I have been unable to clearly think through all the possibilities, or impossibilities, of a Trump presidency. Honestly, it has been much too terrifying to contemplate, to imagine. I just can’t do it. Maybe later.
Right now, what I have mostly is a feeling.
In C. S. Lewis’s fairy tale, The Lion, The Witch and the Wardrobe, the White Witch put a spell on Narnia: there would always be winter and never Christmas. Nothing to look forward to except more bone-chilling cold. That’s what this world with President-elect Trump in it feels like to me. A chilling winter with no end in sight. And this paralyzing season doesn’t come with a blanket of beautiful, stunningly white, fresh-fallen snow. The snow I see piled up everywhere is spoiled and dirty and unsightly. Kids can’t play in it. Thoughtful grownups can’t look on it without dread. And fear. Fear that it will never melt, never go away, that a thaw is not in sight. It appears that no amount of low-heat light from a low-sky sun, no flip of a cosmic calendar, no miraculous forecast, can deliver us from this Narnian nightmare.
For some of us of advanced or advancing age, we may never again awake with this nightmare behind us, forgotten with the newness of another day. Four years, we might tell ourselves. Four years isn’t that long. “We can and will survive his term,” we might be tempted to whisper as therapy for our pain. But it isn’t just four years. Or eight years. It’s a generation of a Supreme Court lost to the forces of reaction. It’s a generation or two of young Americans who will face the consequences of doing nothing about a warming planet. And it is the lingering doubts about our democracy. That it is on the brink of a breakdown. That, paradoxically, it may be too late to save it from its own hands.
How fascinatingly ironic it is that it was the Founder’s fear of the ignorant and noisy rabble—a fear that fathered a system in which the popular-vote winner doesn’t win— that will now ensure that the ignorant and noisy rabble will rule. The Electoral College, which was designed to subdue the will of hot-blooded people and cool the nation’s temperature, will soon bless what feels like a perpetual chill. When it votes in December, the Electoral College will in effect become Trump University. It will be perpetrating a democratic fraud by making him president, so he can go on perpetrating his own fraud and enriching himself from the White’s House.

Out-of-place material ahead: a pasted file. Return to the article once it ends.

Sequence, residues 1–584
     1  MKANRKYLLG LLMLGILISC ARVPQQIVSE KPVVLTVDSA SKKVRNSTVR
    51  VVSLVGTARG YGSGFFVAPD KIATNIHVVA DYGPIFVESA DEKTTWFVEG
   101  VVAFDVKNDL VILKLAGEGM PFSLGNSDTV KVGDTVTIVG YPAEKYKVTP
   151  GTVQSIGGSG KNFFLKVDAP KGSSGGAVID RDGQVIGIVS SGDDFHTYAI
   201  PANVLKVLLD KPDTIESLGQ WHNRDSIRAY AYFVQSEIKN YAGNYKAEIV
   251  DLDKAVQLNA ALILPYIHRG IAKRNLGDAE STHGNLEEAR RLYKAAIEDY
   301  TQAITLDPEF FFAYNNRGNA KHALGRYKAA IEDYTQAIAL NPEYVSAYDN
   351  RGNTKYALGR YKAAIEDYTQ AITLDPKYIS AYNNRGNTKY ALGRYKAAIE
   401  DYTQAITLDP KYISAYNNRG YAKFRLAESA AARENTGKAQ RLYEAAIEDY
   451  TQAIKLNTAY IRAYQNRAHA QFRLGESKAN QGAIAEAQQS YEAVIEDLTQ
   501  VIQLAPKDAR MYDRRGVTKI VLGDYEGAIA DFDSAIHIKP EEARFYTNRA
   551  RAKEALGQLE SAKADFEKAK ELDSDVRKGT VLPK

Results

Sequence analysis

But the Electoral College-turned-Trump University actions next month will do more than make a bloated and bigoted grifter our leader, a leader who, as we can already see, will bring with him to Washington hearts and souls like his own. The electors empowered to vote will memorialize a sad and disturbing truth about us as a people: too many Americans are in love with their prejudices and pale-faced pride. And now they have a champion willing to make them feel at home, feel like they have retaken once-lost ground. And that national fact about some Americans makes too many other Americans, the majority who actually voted for Hillary Clinton, dangerously suspicious of a system that allows a minority of Americans to plunge us into a melancholic wintertide. If that suspicion turns into an incurable cynicism, we are truly doomed.
We now know that a great number of our fellow citizens have a very different understanding of citizenship, a very different set of political and moral values. That’s why it feels so much like a winter without Christmas, a winter without the hope of spring. Trump and Trumpism represent an open rebellion against, a repudiation of, what we thought were unimpeachable American values, what we thought was a universal thirst for equality, a collective hunger for tolerance, and a welcoming spirit. A summer of American progress now seems like a distant memory, or a good dream that has evaporated with eye-opening reality.
All of this brings on a dilemma, as most crises do. For those of us who see Trump for who he is and see his voters as either fools or willing participants in his pageantry of bigotry and hate, what are we to do? Can we tolerate and welcome Trump and his voters in a spirit of reconciliation? I have heard many voices this week try to articulate a need for us all to make peace with each other and move on. The peaceful transfer of power is the one American value we can all agree on, these earnest and hopeful people, including President Obama, tell us.